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Speak. Hear. Resolve.

July 18 19 and 20
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CHIREC, Kondapur Campus

The United Nations and Model UN

What is the United Nations?

The United Nations Organization (UNO) or simply United Nations (UN) is an
international organization whose stated aims are facilitating cooperation in
international law, international security, economic development, social
progress, human rights, and the achieving of world peace. The UN was
founded in 1945 after World War II to replace the League of Nations, to stop
wars between countries, and to provide a platform for dialogue. It contains
multiple subsidiary organizations to carry out its missions.

How and when was it formed?

The United Nations was established in 1945 to maintain international peace
and promote cooperation in solving international economic, social and
humanitarian problems. The earliest concrete plan for a new world
organization was begun under the aegis of the U.S. State Department in
1939. Franklin D. Roosevelt first coined the term 'United Nations' as a term
to describe the Allied countries. The term was first officially used on 1
January 1942 when 26 governments signed the Atlantic Charter, pledging to
continue the war effort.
UN officially came into existence on 24 October 1945 upon ratification of the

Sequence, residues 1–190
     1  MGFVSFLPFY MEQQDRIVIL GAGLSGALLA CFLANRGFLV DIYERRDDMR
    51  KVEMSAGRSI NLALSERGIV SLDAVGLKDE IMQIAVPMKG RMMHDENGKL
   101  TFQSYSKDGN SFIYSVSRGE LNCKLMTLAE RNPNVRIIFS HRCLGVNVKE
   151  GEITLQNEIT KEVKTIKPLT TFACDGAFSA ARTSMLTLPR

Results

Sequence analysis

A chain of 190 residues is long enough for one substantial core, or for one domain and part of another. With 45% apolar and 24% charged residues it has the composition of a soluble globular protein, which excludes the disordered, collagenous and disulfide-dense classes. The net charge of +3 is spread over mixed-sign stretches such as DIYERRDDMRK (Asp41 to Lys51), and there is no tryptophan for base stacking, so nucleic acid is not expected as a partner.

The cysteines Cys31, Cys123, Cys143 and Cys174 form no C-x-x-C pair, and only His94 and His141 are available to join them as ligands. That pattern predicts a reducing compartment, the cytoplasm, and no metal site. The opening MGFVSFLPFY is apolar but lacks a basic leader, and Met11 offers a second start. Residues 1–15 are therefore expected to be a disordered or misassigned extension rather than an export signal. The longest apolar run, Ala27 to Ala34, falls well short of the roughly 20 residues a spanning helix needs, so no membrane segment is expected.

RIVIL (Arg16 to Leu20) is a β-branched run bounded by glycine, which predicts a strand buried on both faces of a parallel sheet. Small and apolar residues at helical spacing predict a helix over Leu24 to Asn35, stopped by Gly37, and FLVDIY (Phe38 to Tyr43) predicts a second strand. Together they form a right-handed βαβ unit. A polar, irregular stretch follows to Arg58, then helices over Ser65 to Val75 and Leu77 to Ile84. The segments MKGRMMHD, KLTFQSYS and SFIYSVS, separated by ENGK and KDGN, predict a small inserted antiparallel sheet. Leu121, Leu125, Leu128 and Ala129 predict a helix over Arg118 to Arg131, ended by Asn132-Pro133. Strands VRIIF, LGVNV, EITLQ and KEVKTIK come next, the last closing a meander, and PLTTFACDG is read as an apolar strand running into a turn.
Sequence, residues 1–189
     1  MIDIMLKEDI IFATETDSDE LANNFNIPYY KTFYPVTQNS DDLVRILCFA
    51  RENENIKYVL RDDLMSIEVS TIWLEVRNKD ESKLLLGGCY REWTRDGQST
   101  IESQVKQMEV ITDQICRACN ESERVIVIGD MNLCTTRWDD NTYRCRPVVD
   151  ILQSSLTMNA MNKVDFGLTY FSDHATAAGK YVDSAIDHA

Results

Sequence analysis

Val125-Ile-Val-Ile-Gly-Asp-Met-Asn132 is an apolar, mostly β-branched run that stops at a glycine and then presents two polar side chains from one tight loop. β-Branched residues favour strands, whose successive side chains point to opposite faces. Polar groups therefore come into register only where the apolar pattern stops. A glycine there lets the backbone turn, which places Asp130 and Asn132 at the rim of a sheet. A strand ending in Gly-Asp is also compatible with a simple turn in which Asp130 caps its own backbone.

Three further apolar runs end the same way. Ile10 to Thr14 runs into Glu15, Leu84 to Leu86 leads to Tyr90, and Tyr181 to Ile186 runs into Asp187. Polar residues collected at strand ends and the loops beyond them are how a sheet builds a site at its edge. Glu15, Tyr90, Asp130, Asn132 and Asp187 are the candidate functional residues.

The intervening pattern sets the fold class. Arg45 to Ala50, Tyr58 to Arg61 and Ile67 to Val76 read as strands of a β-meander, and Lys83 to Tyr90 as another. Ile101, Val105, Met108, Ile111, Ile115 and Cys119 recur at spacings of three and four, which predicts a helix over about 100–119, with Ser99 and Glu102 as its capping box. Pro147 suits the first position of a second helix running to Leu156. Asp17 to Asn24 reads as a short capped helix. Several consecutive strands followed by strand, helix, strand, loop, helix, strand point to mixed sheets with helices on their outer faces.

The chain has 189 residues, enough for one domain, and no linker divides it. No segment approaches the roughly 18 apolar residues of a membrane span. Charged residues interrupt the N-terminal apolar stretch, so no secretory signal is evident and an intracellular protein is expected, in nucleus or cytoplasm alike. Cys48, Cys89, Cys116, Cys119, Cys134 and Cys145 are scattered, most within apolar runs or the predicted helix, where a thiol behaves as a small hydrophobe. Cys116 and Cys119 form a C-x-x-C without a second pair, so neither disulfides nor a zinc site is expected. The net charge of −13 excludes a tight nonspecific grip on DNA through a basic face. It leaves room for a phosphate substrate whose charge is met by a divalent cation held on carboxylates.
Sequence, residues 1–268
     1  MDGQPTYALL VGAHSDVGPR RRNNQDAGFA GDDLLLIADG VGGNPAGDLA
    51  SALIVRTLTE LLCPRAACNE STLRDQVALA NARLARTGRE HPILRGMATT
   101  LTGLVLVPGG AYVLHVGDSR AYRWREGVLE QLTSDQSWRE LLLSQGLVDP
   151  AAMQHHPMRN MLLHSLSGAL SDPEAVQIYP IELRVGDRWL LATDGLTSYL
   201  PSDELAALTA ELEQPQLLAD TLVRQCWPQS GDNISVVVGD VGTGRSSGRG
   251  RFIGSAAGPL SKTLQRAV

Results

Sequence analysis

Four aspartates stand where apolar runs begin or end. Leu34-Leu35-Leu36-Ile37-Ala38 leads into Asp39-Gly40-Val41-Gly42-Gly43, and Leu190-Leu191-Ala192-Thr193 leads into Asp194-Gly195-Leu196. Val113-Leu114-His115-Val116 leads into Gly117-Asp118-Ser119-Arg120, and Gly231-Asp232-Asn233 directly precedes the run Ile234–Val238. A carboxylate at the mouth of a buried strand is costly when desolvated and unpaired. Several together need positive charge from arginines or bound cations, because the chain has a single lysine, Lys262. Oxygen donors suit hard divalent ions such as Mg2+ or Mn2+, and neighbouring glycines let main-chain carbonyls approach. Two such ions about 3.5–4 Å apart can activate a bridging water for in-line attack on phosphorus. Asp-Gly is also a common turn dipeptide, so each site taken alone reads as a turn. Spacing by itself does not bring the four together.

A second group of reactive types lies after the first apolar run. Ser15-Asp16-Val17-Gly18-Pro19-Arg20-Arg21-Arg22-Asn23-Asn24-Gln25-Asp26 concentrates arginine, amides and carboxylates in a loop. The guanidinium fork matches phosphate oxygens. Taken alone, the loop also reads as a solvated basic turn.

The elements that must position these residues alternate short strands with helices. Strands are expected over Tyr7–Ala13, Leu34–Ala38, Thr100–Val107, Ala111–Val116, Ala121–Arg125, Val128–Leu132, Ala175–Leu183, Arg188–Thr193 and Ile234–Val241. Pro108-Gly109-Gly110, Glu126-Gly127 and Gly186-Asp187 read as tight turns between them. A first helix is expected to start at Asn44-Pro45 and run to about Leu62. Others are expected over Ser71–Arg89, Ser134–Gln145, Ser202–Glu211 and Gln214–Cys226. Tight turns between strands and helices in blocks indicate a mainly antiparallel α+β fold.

Charter by the five permanent members of the Security Council—France, the
Republic of China, the Soviet Union, the United Kingdom and the United
States—and by a majority of the other 46 signatories.

Who are the members of the United Nations?

There are currently 193 United Nations member states.
The United Nations Charter outlines the rules for membership:
1. Membership in the United Nations is open to all other peace-loving states
which accept the obligations contained in the present Charter and, in the
judgment of the Organization, are able and willing to carry out these
2. The admission of any such state to membership in the United Nations will
be effected by a decision of the General Assembly upon the
recommendation of the Security Council.

What does the UN do?

The primary aim of the UN is to promote and maintain international peace
and security through peaceful means and through the consensus of the
international community. This job description as you can imagine will include
quite a bit. In reality the UN is responsible for deliberating and solving all of
the ills and issues that plague the world. It discusses, formulates policies and
recommendations to member states and carries out various programmes for
the fulfilment of its primary goal. The spectrum of agendas discussed at the
UN vary from Global Warming and Human Trafficking to existing security